Current Diabetes Reports

, 16:123 | Cite as

Optical Coherence Tomography Angiography in Diabetes

  • Jessica Lee
  • Richard RosenEmail author
Microvascular Complications—Retinopathy (JK Sun and PS Silva, Section Editors)
Part of the following topical collections:
  1. Topical Collection on Microvascular Complications—Retinopathy


Diabetic retinopathy is a progressive microvascular disease that leads to increased vessel permeability, retinal ischemia, and retinal neovascularization. Optical coherence tomography angiography (OCTA) is a novel angiography technique that has the capability to advance our understanding of diabetic eye disease by providing high-resolution images of retinal and choroidal microvasculature blood flow and structure. Using OCTA, the vascular changes of diabetic retinopathy including microaneurysms, retinal non-perfusion, intraretinal microvascular abnormalities, and neovascularization can be clearly visualized. OCTA offers several advantages over fluorescein angiography (FA) in that it is faster, safer, and non-invasive, allows better visualization of retinal vessels in both the superficial and deep capillary layers, and can provide quantitative measurements of areas of non-perfusion of the macula and nerve. OCTA capillary perfusion density maps and average perfusion density values provide an easy way to grade progressive vascular change. Despite these advantages, imaging with OCTA can only provide a limited view of the peripheral retina and is unable to demonstrate leakage, staining, or pooling. OCTA requires patients to maintain good fixation to obtain high-resolution images which can be a challenge for those with severe macular disease. In patients who cannot safely undergo FA, OCTA may serve as an alternative form of angiography that can be safely and more frequently performed for the management of diabetic retinopathy.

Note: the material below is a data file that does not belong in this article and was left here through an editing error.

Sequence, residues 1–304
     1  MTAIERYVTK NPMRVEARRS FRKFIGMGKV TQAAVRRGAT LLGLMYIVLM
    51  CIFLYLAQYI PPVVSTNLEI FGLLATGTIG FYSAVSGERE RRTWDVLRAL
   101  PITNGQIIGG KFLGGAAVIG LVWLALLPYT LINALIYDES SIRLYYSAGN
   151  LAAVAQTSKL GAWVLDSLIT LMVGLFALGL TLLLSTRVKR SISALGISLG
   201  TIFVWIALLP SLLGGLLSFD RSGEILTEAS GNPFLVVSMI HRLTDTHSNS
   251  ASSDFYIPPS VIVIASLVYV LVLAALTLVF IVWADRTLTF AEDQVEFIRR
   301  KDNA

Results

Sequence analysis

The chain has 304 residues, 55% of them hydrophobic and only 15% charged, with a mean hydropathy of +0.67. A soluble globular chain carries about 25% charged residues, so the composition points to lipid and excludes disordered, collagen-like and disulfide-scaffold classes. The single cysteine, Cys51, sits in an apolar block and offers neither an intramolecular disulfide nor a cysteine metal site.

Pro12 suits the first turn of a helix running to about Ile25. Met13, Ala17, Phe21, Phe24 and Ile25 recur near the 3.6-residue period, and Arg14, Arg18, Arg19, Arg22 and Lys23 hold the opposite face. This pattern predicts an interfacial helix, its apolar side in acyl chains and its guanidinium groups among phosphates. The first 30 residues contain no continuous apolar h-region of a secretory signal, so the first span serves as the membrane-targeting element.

OCT angiography Diabetes Diabetic retinopathy Diabetic macular edema Diagnosis Staging 


Compliance with Ethical Standards

Conflict of Interest

Richard Rosen reports personal fees from Optovue, Nano Retina, Clarity, Regeneron, Allergan, and OCATA Therapeutics; grants from Genentech; and non-financial support from OD-OS. In addition, Dr. Rosen has a pending patent for Optovue AngioAnalytics.

Jessica Lee declares that she has no conflict of interest.

Human and Animal Rights and Informed Consent

This article does not contain any studies with human or animal subjects performed by any of the authors.


Papers of particular interest, published recently, have been highlighted as: • Of importance •• Of major importance

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Copyright information

© Springer Science+Business Media New York 2016

Authors and Affiliations

  1. 1.The New York Eye & Ear Infirmary of Mount SinaiNew YorkUSA

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